Friday, December 19, 2008

Falling Prices (1) - Postponed Spending

Asset prices and commodity prices are falling rapidly as the impact of the global credit crunch permeates the world economy. Newspaper columnists are now starting to warn of the dangers of deflation. The first concern is that consumers defer their spending when prices fall.

Deflation has other insidious traits. It causes shoppers to hold back. They wait for lower prices. Once this psychology gains a grip, it can gradually set off a self-feeding spiral that is hard to stop (Ambrose Evans Pritchard Daily Telegraph).
It encourages people to defer spending, as they wait for prices to fall further. This in turn forces down the price – as retailers slash prices in a vain attempt to attract shoppers. As retailers cut prices, so too do manufacturers, who then have less money to invest in new technology, equipment and, crucially, staff.

Wages then start to fall – psychologically very damaging for consumers, even those that keep their jobs. As they fret about less money in their pockets and their job prospects, they further postpone spending, starting the deflationary spiral once again (Harry Wallop, Daily Telegraph).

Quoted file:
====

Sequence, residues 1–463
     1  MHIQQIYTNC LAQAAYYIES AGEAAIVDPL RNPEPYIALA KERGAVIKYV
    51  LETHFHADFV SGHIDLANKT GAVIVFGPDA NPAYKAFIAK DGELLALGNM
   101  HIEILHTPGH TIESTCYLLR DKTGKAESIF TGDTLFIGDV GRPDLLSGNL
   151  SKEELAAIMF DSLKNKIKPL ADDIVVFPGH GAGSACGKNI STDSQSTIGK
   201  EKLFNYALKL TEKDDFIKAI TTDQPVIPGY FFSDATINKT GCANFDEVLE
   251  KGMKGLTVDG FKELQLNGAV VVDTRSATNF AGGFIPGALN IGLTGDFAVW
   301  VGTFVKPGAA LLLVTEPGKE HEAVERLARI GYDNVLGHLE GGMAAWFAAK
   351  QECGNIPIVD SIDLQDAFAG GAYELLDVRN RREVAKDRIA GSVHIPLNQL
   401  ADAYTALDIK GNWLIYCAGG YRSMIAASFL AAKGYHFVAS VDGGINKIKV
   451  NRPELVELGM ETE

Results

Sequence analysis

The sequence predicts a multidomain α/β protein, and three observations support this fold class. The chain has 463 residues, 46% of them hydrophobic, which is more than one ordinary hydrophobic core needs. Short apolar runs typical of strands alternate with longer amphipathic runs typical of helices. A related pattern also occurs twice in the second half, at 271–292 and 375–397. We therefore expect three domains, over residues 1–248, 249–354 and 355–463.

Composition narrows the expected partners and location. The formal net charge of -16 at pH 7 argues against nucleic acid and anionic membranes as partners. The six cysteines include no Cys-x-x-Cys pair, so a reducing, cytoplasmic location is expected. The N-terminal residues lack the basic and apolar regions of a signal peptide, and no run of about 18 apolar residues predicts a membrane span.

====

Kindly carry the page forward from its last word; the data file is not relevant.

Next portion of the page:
These statements are nonsense. Falling prices do not stop consumer spending. Computer prices have been falling for the last twenty years, but spending on computers never stopped. Although prices of most consumer electronics have fallen dramatically over the last decade, sales have increased significantly. The reason is that when prices of things fall, more people can afford to buy them, so sales increase.

The benefit of falling prices is that consumers can buy things when it suits them. During inflation, people rush into purchases before they can afford them, because they are scared that the price will go up. They will often get into debt, trying to beat rising prices. Inflation forces people to make purchases at the wrong time.

Falling prices eliminate this problem. People are not put under unnecessary pressure to buy. They can save for something they need knowing that price increases will not push it beyond their reach. People are free to buy large items when the time is right for them. Falling prices increase freedom.

The related benefit of falling prices is that people get access to better quality goods. By waiting a little longer, they can get a later model, at the same price. This makes them better off.

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